And after weeks of preparation, of apartment-cleaning, wreath-hanging, light-stringing, grocery-shopping, menu-planning, laundry-washing, not to mention running a double business single-handed during my first commercial holiday season, I could not handle it. On the sixth whine of Christmas, my houseguest moved in with Caroline. "Serena yelled at me because I had cramps," whimpered the houseguest. "Serena just snapped," said lovely, patient, understanding Caroline.
It's not like I have an agenda, not really. I just figure that well, peace, love and understanding, and lots of wine and cookies, what's not to like? It baffled me and brought me to my knees, having someone in my home who evidently believed that Courtesy=Martyrdom. Loud, 'extroverted' martyrdom. And then there was the boyfriend, Scrooge Junior--it made me laugh, with tragic irony, when I later remembered that I'd invited the houseguest in the first place because I'd thought that her sunny, bawdy, spiritual nature would offset his determined negativity. Ha. At least, when I showed up on his doorstep two days after Christmas, on the verge of a nervous breakdown, he condescended to snuggle me a bit.
Now it's a year later, and it's not as cold as last year, but plenty cold enough, and dark, and rainy. I am no longer a Christmas Holiday Merchant, which makes me glad, but I no longer have an income, which causes me to wake in the middle of the night with my heart thumping wildly. I get up in the morning and I can either work in the studio or not work in the studio; if I do go to work, I still have no income, only maybe possibly, if I don't totally screw up this very expensive piece of linen, someone might pay for it, a few years from now, maybe.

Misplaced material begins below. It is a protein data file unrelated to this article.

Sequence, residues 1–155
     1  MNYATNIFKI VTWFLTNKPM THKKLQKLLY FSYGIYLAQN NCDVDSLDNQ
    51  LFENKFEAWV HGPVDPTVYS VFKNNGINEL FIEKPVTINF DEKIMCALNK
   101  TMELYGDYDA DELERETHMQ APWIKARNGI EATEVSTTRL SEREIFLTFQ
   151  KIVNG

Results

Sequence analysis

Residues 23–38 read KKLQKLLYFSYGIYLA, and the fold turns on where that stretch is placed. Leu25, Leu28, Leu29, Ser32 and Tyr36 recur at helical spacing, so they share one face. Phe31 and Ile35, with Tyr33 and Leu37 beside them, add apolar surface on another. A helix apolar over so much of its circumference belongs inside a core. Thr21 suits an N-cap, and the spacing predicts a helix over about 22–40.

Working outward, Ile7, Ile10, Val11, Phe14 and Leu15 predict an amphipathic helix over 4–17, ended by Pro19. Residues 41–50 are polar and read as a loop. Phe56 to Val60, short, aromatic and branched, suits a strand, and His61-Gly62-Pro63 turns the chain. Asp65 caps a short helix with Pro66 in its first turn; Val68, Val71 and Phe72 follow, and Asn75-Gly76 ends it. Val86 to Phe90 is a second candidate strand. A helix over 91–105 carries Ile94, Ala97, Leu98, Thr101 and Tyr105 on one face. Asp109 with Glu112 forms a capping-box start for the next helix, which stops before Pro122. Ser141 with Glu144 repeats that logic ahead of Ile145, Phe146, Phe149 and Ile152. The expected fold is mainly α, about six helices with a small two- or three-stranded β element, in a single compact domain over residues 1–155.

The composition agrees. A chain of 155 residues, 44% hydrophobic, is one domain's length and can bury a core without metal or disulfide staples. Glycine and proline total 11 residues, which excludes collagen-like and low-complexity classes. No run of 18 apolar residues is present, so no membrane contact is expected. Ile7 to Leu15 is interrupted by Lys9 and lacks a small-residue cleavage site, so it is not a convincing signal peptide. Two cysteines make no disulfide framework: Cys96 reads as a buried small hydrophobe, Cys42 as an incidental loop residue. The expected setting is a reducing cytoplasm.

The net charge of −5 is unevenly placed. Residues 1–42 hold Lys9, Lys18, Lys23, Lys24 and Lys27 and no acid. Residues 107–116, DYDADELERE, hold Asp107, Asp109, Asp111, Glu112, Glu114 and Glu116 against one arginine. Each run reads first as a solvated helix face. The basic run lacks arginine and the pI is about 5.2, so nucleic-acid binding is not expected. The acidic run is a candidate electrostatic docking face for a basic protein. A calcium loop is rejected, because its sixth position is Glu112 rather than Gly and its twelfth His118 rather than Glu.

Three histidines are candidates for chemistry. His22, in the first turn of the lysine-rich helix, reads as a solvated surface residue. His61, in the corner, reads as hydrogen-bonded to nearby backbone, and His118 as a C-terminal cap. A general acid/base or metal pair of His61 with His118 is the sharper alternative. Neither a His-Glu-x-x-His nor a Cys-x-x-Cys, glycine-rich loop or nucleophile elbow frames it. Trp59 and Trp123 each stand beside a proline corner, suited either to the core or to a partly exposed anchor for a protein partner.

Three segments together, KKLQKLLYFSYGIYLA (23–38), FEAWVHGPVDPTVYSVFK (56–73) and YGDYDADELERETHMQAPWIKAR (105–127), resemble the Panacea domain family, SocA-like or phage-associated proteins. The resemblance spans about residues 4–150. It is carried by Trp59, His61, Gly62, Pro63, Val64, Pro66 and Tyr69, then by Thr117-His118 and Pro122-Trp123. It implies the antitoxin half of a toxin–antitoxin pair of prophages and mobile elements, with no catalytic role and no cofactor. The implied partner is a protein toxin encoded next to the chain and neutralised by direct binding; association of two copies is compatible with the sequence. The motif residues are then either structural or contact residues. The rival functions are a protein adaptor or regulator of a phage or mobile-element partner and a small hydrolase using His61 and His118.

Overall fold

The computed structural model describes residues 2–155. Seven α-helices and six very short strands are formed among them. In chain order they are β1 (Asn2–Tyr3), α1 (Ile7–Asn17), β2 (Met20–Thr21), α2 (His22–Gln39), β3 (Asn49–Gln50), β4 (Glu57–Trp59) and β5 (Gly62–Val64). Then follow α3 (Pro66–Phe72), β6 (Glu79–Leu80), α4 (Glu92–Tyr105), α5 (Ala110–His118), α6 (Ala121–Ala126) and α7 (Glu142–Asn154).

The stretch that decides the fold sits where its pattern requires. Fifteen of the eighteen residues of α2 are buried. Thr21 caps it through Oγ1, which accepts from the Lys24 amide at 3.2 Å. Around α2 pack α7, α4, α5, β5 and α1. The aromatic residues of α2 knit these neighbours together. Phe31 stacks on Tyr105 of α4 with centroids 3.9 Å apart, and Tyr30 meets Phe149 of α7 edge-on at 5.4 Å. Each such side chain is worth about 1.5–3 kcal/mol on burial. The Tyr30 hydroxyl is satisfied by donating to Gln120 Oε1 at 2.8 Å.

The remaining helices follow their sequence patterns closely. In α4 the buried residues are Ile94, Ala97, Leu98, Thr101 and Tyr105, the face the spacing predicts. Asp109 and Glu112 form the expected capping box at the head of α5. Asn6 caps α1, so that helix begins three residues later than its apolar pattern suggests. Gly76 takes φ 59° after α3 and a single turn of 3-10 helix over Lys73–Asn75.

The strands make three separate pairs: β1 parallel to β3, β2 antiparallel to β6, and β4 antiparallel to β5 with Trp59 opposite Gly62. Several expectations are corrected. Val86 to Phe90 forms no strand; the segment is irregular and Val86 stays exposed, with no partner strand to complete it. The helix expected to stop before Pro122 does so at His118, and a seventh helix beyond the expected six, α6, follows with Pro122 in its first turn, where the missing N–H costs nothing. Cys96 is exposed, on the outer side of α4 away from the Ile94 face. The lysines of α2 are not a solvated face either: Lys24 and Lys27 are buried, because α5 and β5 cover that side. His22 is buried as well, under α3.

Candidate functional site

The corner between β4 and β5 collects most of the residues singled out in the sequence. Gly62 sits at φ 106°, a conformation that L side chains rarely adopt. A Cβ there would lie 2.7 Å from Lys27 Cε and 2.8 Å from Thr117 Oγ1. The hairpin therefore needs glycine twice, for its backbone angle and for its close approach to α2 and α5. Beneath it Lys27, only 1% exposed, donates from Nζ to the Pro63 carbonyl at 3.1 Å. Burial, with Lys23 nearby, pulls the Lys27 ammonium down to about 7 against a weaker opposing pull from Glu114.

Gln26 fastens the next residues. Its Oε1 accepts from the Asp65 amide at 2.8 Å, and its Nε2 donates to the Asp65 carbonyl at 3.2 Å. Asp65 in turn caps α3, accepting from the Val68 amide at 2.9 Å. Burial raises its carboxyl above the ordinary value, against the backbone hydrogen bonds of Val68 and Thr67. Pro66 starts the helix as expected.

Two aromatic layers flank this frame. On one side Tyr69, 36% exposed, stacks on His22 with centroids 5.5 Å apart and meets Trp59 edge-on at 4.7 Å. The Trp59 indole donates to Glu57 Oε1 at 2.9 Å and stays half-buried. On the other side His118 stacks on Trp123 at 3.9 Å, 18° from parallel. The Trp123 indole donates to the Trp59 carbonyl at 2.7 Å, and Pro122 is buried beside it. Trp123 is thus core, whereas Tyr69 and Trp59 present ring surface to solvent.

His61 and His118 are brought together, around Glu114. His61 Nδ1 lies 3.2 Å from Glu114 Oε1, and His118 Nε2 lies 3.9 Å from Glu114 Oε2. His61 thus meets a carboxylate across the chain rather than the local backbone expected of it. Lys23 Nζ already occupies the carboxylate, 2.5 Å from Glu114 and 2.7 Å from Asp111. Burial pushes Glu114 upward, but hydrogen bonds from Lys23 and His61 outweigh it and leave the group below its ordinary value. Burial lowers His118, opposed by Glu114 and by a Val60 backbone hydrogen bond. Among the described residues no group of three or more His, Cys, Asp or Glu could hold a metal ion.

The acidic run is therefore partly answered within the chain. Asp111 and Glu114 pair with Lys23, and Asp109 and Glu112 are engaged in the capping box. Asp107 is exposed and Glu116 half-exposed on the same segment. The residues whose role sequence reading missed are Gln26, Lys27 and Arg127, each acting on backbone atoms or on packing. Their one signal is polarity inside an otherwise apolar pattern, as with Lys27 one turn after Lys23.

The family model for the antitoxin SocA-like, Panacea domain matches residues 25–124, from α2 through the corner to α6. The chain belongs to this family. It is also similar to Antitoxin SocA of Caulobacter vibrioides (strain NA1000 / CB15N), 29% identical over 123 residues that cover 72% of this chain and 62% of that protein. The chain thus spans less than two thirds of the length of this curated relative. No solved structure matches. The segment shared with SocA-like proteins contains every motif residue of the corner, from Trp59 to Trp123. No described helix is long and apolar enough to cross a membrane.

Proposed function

And every now and then I have this stupid memory of once, sort of hoping, I mean I just kind of imagined in a wild flight of retro fantasy, that, like, I don't know, someone might, well, you know, ask me to marry him. You know, fireplace, little antique platinum ring with, you know, sapphires, something unique, nothing boring and conventional. I can't believe I was so stupid and it makes my stomach shrivel up just thinking. Not that I am a total asshole who believes that men should support women financially, not at all. It just seemed like a romantic adventure to fall in love and actually work things out together, as partners, for better and worse and everything in between.
But anyway I've been kind of slow in getting the decorations out of the box at the bottom of the armoire, this year. Over the weekend I got out the Anglican choir CD, listened to five seconds, shut it down and tuned to WNYC instead. The painting is going better. Caroline liked it. Maybe by next weekend I will have perked up and made the cookies.